ARGUSH v. LPL FINANCIAL, LLC et al, No. 3:2013cv07821 - Document 158 (D.N.J. 2017)

Court Description: OPINION filed. Signed by Judge Anne E. Thompson on 1/23/2017. (km)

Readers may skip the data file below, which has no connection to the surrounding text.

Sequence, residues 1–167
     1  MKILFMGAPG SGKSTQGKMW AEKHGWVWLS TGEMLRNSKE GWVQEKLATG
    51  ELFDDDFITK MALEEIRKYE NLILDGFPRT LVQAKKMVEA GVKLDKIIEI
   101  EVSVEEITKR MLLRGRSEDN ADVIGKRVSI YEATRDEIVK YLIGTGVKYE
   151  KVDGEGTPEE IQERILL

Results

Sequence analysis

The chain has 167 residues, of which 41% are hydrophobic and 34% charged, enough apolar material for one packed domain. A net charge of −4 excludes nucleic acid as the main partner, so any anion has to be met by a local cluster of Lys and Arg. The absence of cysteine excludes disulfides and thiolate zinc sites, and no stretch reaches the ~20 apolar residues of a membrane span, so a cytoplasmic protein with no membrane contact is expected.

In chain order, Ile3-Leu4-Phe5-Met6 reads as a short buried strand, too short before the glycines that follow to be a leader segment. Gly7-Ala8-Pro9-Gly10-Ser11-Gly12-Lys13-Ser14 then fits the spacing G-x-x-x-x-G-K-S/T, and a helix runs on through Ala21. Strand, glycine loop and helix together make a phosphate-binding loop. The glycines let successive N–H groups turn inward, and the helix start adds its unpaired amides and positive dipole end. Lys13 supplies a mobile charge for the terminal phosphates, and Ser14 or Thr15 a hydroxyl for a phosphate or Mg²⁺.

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ARGUSH v. LPL FINANCIAL, LLC et al Doc. 158 RECEIVED NOT FOR PUBLICATION UNITED STATES DISTRICT COURT DISTRICT OF NEW JERSEY JAN 23 2017 AT 8:30 M WILLIAM T. WALSH CLERK LEEARGUSH, Plaintiff, Civ. No. 13-7821 v. LPL FINANCIAL, LLC, LPL HOLDINGS INC., ANDREW PUTTERMAN, and FORTIGENT, LLC, Defendants. ALAN GAVORNIK, Plaintiff, Civ. No. 14-955 (consolidated for pretrial purposes) v. LPL·FINANCIAL, LLC, LPL HOLDINGS INC., ANDREW PUTTERMAN, and FORTIGENT, LLC, Defendants.· NICHOLAS MARINELLO, Plaintiff, I v. Civ. No. 14-956 (consolidated for pretrial purposes) . I LPL FINANCIAL, LLC; LPL HOLDINGS INC., ANDREW PUTTERMAN, and FORTIOENT, . . .. . . OPINION - : Defendants. 1 INTRODUCTION This matter has come before the Court on the motion to strike Plaintiffs' Expert Reports brought by Defendants in the above-captioned consolidated cases, LPL Financial, LLC and LPL Holdings, Inc. (collectively, "Defendants"). (ECF No. 125). 1 Plaintiffs Lee Argush, Alan Gavomik, and Nicholas Marinello (collectively, "Plaintiffs") oppose. (ECF No. 132). The Court has decided the motion based on the written submissions of the parties pursuant to Local Civil Rule 78.l(b). For the reasons stated herein, Defendants' motion will be granted. BACKGROUND The facts of these cases are well known to the parties and need not be recited atlength here. This case arises out of an employment dispute between the three named Plaintiffs and Defendant LPL Financial. Plaintiffs Argush, Gavomik and Marinello are former employees of LPL Financial. LPL Holdings is the parent company of LPL Financial. All three Plaintiffs had their employment terminated by LPL Finap.cial in 2013. The main issue is whether each of the three Plaintiffs were validly terminated -"for cause.·" . On August 5, 2014, this Court granted in part Defendants' motion to dismiss in each of the three (Civ. No. 13-7821; ECF 22; Civ. No. 14-955, ECFNQ; 20; Civ. No. 14- 956, ECF No.. 20). Additionally, on August 24, 2016, this Court granted Defendants' Motion to Dismiss Count Four of Plaintiffs' respective· Complaints, which sought a declaratory judgment that}>laintiffs' restrictive and void. (Civ. No. 1_3:-7821, ECF 110). As a · result, in eachcase, Plaintiff has two reniaining claims against Defendants: Breach of Employment Agreement and Breach of Contract. 1 Unless otherwise noted, all citations to the docket in this opinion are made to Civ. No. 13-7821. The Court dismissed each of the Plaintiffs' claims for: ( 1) violation of the Conscientious Employee Protection Act ("CEPA"); and (2) tortious interference. The Court also dismissed Plaintiff Argush' s claims for breach of the covenant of good faith and fair dealing and conversion. 2 2 The deadline for the completion of fact discovery in these cases was June 16, 2016. (ECF No. 74). The deadline for filing dispositive motions was July 8, 2016. (Id.). On July 19, 2016, Plaintiffs served three expert reports on Defendants which opine on economic losses claimed by each Plaintiff as a result of the alleged breaches of contract. (Deel. Of Jakob B. Halpern, Exs. A-C, ECF No. 125-3) ("Plaintiffs' Expert Reports"). Defendants previously filed an application to strike Plaintiffs' expert reports before the Magistrate Judge. (ECF No. 107). The Magistrate Judge denied the application without prejudice and directed that it be refiled and heard before the District Court. (ECF No. 117). Defendants thereafter filed the instant motion to strike these expert reports. (ECF No. 125). Therefore, Defendants' motion to strike Plaintiffs' expert reports is currently before the Court. DISCUSSION Defendants argue that a large portion of Plaintiffs' expert reports should be stricken as irrelev8:tlt inasmuch as the reports on damages that cannot be recovered as a matter of law. Because the Court finds Defendants' first argument to be dispositive, Defendants' other arguments need not be addressed.· · . the adm.issibility of expert testimony is governed by Federal Rule of Evidence 702 - . and Daubertv.· Merrell Dow Pharmaceuticals, Inc., 509 U.S. 579 (1993) and its progeny, one of the requirements ofexpert testimony is "relevance," which should be evaluated under the standard expressed in Fed. R .. Evid. 401. United States v. Ford, 481F.3d215, 218 (3d · Cir. 2007). Federal Rule of Evidence 401 states that evidence is relevant if it has any tendency to make a fact of consequence in determining an action mote or less probable than it would be without the evidence. Fed. R. Evid. 401. Here, a large portion of Plaintiffs' expert reports opine that front pay damages-lost future earnings that Plaintiffs might have made if their employment with LPL Financial was 3 never terminated-.may be· recoverable as a result of Defendants' alleged breach of contract. (See Plaintiffs' Expert Reports, ECF No. 125-3, Ex. A at 2-24; Ex. B at 2-25; Ex. C at 2-25). Defendants argue that if Plaintiffs were to ultimately prevail at trial, they would be entitled to the damages set forth in the contracts at issue in these cases, specifically the severance benefits set forth in the offer letters signed by each of the three Plaintiffs and the cancelled stock options set forth in the documents governing LPL equity grants. (Defs.' Mot., ECF No. 125-1at4). However, Defendants claim that Plaintiffs' expert reports opine that Plaintiffs may also be entitled to damages in the form of front pay damages which would greatly increase each of the Plaintiffs' potential damages in theses cases from several hundred thousand dollars per plaintiff to $7.0-8.2 million dollars per plaintiff. (Id. at 4-5). In the cases before this Court, many of the Pl_aintiffs' claims, including each of the Plaintiffs' CEPA claims, have been dismissed. As a result, the only remaining claims are for breach C?femploymentagreement and breach of contract. No. 13-7821, ECF Nos. 22, 110; Civ. No. 14-955, ECF No. 20; Civ. No. 14-956, ECF No. 20). Plaintiffs do not dispute that they were at-will employees, and as such, could have been terminated at any time with or without :· - Ex.Mat 3; Ex. N. at3;.Ex. 0 atJ).};;Jbe that Plaintiffs cite to support their claim for front pay are distinguishable in that they either are not relevant or included claims for discrimination; retaliatory discharge or promissory estoppel. See, e.g., Quinlan V; Curtiss-Wright 425 N.J. Super335, 366 (App. Div. 2012) (finding that employees maystill collect front pay in a New Jersey Law Against Discrimination case); Maxfield v. Sinclair1nt'l., 166 F.2 788, 795-96 (3d Cir. 1985) (finding that front pay damages are permissible in a federal ADEA claim). Tellingly, Plaintiffs do not cite any authority, which stands for the proposition that an at-will employee can receive front pay damages .on a breach of contract theory under New Jersey law. 4 . r·. Notwithstanding Plaintiffs' lack of authority, Plaintiffs argue that such front pay damages could still possibly be within the mutual legitimate expectation interest of the parties to these contracts. (Pls.' Opp'n at 9, ECF No. 132). Given the contractually-defined severance benefits in the contracts at issue here, the Court finds Plaintiffs' argument unavailing. Therefore, the Court is persuaded that a large portion of Plaintiffs' expert reports opine on economic losses in the form of front pay damages are not recoverable under Plaintiffs' remaining claims. As a result, those sections of Plaintiffs' expert reports are irrelevant. They must be stricken and not considered in these cases. CONCLUSION For the reasons discussed above, Defendants' motion will be granted. An appropriate - order will -- .__ . ·- •·:_·. ·_-. _.;_·.. ; . _ - - _:: 5